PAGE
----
In our view, Livingston has five challenges to address:
BTs recovery from the abyss peaked in quarter three (Q3) two years ago with growth year-on-year of eight percent. The corresponding figure was five percent twelve months ago, and one percent in the results announced in February this year. Any growth for what is a fixed-only business is highly credit worthy, and yet the feeling is BT should have done better. Ian's challenge is to repeat the success he has had in turning around BT Retail across the Group.
Customers and services
BT needs to evolve its portfolio to suit its customers, not technology. For example, the younger generation of students are compulsive communicators, which is good news for the industry. This generation use a mix of direct - voice, email, Instant Messaging and texts - indirect - such as social networking sites, on-line message boards, Second Life - means to communicate.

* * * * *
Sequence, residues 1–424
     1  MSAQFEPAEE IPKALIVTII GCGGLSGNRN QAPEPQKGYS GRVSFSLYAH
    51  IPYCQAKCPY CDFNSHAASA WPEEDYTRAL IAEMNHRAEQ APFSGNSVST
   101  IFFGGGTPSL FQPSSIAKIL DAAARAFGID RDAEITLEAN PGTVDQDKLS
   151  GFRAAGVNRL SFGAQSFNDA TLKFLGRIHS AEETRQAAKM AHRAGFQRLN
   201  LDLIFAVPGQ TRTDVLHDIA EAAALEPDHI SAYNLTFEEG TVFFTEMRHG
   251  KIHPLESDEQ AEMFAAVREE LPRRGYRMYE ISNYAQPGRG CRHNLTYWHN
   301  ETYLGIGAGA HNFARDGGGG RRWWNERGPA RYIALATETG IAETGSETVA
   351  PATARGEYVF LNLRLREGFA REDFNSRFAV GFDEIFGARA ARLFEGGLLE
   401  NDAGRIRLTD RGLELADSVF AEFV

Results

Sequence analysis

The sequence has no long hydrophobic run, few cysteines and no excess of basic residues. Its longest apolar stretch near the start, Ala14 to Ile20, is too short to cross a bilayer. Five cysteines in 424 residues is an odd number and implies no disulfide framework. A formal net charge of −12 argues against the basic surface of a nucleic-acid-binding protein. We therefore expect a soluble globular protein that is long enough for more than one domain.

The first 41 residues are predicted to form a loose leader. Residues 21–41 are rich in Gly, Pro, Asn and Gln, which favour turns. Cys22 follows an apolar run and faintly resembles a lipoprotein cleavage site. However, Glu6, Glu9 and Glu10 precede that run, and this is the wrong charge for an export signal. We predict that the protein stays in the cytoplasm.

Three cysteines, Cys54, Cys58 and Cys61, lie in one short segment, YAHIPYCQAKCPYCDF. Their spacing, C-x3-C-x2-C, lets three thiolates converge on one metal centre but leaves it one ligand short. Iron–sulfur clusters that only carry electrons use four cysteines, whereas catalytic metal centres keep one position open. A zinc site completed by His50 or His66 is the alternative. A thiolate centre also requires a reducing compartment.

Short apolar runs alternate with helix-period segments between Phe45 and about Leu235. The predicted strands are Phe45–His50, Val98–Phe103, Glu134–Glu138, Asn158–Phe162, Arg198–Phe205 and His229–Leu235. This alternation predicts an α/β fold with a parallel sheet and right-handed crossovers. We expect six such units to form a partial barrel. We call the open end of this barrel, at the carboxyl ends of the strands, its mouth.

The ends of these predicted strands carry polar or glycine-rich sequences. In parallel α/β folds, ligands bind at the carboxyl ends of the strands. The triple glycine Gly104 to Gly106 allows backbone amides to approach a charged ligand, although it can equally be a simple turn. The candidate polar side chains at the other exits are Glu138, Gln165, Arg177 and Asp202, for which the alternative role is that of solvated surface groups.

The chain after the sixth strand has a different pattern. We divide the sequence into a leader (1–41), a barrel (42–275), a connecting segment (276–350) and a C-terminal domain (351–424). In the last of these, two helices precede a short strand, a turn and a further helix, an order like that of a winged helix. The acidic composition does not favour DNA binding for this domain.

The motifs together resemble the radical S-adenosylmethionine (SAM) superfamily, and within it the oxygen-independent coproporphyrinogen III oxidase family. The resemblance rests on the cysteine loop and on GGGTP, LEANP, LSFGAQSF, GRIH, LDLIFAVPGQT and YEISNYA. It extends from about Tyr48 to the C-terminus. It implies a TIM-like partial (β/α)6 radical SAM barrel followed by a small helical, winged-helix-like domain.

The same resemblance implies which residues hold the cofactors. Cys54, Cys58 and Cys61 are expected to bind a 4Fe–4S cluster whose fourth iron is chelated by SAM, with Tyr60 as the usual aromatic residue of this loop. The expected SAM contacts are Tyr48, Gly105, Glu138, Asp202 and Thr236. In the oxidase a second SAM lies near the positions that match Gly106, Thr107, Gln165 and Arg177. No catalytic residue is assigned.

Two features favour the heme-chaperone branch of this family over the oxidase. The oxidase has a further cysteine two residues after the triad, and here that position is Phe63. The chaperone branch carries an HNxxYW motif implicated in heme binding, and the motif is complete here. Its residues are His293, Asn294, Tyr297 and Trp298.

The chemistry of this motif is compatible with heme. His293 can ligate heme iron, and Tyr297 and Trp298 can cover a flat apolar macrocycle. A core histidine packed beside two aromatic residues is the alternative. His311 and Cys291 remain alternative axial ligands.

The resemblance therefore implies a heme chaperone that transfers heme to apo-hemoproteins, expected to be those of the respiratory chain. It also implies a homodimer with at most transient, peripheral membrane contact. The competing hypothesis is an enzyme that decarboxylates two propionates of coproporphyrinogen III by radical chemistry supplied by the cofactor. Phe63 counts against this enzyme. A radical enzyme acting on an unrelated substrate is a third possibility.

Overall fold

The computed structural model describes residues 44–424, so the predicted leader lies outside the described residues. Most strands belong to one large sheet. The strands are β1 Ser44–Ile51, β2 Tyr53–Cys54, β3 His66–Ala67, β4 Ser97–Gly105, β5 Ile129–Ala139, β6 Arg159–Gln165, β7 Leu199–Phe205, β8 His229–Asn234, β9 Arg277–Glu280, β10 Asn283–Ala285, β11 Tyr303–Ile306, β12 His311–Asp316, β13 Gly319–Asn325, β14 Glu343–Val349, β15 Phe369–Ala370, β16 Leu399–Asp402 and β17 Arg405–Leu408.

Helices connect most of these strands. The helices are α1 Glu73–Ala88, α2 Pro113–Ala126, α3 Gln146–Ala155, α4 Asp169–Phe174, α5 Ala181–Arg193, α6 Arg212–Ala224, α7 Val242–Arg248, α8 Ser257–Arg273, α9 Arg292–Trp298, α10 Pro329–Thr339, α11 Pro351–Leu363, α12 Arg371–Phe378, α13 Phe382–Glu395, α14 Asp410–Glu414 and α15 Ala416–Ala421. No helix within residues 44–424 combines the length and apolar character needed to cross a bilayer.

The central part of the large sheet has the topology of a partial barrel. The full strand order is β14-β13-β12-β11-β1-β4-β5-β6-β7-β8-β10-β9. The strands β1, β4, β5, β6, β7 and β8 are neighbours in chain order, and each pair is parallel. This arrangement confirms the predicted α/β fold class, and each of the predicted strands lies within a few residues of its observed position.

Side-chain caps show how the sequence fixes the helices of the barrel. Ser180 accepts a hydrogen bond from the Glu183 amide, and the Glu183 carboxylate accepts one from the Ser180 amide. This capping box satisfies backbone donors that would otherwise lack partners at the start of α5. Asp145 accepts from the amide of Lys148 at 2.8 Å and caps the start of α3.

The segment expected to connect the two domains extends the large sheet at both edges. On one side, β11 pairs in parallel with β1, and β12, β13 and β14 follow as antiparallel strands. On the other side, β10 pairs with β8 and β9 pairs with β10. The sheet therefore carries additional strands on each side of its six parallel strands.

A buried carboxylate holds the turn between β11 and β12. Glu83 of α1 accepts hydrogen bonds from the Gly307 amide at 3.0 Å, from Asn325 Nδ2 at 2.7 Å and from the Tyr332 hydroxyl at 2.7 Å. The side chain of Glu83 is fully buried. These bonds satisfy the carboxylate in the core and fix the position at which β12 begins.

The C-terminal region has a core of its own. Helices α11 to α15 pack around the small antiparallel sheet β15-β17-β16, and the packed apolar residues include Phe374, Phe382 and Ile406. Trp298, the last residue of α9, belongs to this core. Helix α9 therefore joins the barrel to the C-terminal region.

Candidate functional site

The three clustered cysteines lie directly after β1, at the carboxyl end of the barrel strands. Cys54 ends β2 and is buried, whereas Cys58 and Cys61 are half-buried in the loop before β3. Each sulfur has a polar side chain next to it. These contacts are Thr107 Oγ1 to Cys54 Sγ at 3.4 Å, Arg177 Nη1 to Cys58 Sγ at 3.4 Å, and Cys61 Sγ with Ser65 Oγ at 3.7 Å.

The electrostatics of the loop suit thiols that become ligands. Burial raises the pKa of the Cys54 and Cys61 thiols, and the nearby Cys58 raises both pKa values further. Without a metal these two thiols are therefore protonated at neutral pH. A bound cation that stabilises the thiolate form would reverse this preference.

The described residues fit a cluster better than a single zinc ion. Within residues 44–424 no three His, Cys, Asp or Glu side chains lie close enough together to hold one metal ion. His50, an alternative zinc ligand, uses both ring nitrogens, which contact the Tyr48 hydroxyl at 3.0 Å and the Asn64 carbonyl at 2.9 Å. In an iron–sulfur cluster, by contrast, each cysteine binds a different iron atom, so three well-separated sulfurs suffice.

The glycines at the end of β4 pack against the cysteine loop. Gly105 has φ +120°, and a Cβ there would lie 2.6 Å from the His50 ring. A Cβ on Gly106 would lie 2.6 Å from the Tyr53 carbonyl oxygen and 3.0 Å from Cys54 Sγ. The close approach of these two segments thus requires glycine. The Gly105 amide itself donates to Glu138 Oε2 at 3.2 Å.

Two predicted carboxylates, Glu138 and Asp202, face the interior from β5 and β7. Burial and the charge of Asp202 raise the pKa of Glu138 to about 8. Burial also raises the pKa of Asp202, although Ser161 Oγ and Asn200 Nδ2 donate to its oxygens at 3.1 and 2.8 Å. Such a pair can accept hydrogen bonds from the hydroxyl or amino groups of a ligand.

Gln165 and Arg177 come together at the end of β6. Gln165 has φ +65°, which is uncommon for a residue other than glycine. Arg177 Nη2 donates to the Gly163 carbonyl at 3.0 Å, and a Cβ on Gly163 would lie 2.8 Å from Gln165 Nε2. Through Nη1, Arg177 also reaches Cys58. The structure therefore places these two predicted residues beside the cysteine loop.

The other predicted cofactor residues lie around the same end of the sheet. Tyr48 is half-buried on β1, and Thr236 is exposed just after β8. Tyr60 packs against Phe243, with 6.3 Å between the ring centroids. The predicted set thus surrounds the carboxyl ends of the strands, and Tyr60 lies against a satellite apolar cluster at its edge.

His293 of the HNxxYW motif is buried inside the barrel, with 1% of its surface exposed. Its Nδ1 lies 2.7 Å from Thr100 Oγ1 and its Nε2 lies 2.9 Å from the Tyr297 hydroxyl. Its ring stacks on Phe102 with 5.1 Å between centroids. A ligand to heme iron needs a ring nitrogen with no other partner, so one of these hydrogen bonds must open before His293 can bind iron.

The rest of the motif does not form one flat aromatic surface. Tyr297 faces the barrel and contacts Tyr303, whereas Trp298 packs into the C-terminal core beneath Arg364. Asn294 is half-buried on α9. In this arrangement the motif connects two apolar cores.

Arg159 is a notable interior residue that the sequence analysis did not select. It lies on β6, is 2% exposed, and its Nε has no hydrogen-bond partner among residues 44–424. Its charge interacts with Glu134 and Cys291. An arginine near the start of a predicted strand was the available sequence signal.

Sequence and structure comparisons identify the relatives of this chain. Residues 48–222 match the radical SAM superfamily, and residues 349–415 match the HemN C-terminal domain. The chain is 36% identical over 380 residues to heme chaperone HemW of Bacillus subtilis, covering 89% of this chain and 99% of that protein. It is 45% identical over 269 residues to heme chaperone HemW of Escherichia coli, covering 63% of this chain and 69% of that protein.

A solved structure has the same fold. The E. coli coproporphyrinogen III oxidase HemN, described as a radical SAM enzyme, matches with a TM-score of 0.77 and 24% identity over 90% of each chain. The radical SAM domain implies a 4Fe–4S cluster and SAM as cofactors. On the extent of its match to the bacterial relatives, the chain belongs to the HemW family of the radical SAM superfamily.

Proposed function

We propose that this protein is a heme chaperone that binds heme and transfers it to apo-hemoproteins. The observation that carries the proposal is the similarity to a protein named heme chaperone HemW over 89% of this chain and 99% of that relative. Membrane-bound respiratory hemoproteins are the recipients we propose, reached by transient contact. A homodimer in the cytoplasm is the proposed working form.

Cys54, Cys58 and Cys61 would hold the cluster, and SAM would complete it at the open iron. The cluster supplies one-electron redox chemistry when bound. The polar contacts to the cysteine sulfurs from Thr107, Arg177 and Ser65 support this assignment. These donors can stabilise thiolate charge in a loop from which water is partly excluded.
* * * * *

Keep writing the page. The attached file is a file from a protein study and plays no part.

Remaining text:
BT needs to provide these new workers with the direct and indirect communications services they need as they enter the workplace.
Central to achieving a greater understanding of customer needs is marketing. BT needs to ensure that its brand is spontaneously linked to the communications services it provides to the market segments (both decision makers and users) that matter most to it. Livingston needs to bring customers and marketing more to the fore in BT.
Networks and technology
BT needs to refresh its 21st Century Network (21CN) story and address the issue of fibre in the access network.
Livingston was reported in The Sunday Times as laying down a challenge to regulator Ofcom on FTTP (fibre to the premises) and the USO (Universal Service Obligation).
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